Cameron Windham from Apollo Mapping discusses the the findings of a recent paper published in Nature about a sun-sensor geometry arrangement being the cause for historically high readings of green-ness in the rainforest canopy. Windham notes that this is somewhat significant in the remote sensing field for two reasons: the first is that it undoes the supporting conclusion for the historic readings (that sunlight was the limiting factor to green-ness of the canopy rather than water availability and the lack of cloud cover facilitated more light hitting the leaves); the second is that it provokes some serious thought and hopefully discussion from the workers of the field; optical illusions may play a part in many of the readings taken for granted.
The rainforest has long provided a major source of seemingly counter-intuitive information to the remote sensing community. Workers have maintained for some time that, as evidenced by a growing body of spectral data, the relative green-ness of the canopy is more intense in dry periods than in wet times. But these findings were in direct conflict with some ground-truthed spectral studies, much to the confusion of the field. The conclusions to justify the remote measurements tended to focus on light, rather than water, as being the major limiting factor in the green-ness of the vegetation, and those conclusions have stood, until recently. A paper published in Nature this quarter has provided a new answer to the question of high dry-time green values, and the answer may surprise some: magic.
Or, rather, an optical illusion. Indeed, much as the magician would fool us into perceiving the incredible or seemingly impossible by tricking our vision, Morton et. al. propose that the differing sun-sensor geometries at play during the dry and wet seasons are responsible for the values as a result of the seasonality of the measurements. The most basic way to state the relationship is that during the dry season, the sun and the sun-synchronous sensor are on the same side of the scene, while in the wet season they are opposed. This produces a shadowing effect that under-represents the true spectral reflectance of the scene. In order to very simply illustrate what this looks like, I’d like you to imagine a bowling lane.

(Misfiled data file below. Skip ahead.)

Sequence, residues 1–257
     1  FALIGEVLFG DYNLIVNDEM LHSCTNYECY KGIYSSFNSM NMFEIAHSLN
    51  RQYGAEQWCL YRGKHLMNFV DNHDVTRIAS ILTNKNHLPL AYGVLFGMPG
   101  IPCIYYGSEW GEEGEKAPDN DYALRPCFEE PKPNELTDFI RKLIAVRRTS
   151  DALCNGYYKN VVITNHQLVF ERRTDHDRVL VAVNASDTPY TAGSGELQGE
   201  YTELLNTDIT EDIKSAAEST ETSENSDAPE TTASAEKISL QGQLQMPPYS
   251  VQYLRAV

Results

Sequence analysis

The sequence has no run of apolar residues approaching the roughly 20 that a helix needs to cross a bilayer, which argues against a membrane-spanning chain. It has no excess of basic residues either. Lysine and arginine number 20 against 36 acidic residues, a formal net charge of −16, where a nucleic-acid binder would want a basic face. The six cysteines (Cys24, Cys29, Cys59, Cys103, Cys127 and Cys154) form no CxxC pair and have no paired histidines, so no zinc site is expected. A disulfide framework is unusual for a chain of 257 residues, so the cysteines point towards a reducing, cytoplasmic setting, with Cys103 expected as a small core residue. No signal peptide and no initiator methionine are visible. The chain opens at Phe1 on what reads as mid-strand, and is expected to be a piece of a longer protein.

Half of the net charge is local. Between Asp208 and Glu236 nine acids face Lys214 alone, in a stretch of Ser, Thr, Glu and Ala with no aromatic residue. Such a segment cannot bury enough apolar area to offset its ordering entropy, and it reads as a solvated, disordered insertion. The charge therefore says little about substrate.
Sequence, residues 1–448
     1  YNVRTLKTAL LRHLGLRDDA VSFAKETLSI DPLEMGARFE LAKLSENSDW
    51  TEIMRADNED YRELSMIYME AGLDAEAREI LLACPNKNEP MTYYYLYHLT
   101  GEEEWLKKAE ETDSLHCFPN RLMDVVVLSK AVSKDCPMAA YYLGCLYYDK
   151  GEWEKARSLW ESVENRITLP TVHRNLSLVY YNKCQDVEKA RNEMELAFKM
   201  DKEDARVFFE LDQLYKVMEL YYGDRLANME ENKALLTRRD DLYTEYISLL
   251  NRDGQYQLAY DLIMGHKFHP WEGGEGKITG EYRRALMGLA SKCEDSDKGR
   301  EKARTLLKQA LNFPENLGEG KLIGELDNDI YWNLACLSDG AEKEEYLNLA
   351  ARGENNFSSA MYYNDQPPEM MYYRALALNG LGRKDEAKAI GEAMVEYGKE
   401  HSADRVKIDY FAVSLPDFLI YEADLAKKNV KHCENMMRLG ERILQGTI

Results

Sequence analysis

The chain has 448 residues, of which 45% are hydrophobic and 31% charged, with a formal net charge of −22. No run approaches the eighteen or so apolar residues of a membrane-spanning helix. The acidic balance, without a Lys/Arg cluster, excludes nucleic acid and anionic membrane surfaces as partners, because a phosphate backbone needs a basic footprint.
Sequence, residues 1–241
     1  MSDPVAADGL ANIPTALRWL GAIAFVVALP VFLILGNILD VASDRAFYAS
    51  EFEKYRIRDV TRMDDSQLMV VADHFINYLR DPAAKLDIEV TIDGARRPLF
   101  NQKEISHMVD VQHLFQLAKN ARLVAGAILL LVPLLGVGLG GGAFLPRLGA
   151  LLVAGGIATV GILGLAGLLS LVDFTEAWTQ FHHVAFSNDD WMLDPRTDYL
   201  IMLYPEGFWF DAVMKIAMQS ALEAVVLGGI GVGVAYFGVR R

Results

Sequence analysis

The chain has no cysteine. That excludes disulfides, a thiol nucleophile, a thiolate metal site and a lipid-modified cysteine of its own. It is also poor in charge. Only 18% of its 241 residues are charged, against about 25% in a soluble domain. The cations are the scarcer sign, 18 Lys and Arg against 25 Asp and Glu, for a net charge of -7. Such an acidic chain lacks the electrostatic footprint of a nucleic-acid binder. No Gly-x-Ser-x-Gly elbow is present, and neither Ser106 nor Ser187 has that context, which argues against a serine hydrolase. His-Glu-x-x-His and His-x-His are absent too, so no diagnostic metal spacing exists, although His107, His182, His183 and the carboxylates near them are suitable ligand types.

First, imagine looking down a bowling lane at a set of 10 pins, and imagine they are being lit by a set of lights shining in the same direction that you are looking. In this case, the sides of the pins that you see are well-lit, and the shadows the pins cast are out of sight in the background. Now, imagine a second scenario wherein the pins are instead lit from the other side, so that the pins stand between you and the lights; in this case, the faces of the pins that you see are in shadow. Now, if you replace the bowling pins for trees in the rainforest and the lights for the sun, you have a very good idea of what this paper is proposing – namely that the trees are shadowing themselves during the wet periods, which in turn decreases the reflected green values recorded by the sensor; and that sun-sensor geometry is the basic cause of this.
These findings could well have broad implications across the science of remote sensing and multi-spectral observation. For instance, these basic geometric principles hold across scale, and could therefore be influencing our observations of crops such as corn, or affecting the spectral signature of hummocky or hilly terrain. What other examples can you think of in which these geometries may be affecting our understanding of remotely-sensed data?
Morton, Douglas C., Nagol, Jyoteshwar, Carabajal, Claudia C., Rosette, Jacqueline, Palace, Michael, Cook, Bruce D., Vermote, Eric F., Harding, David J., North, Peter R. J., “Amazon forests maintain consistent canopy structure and greenness during the dry season”, Nature, 2014, vol. 506, pp. 221–224
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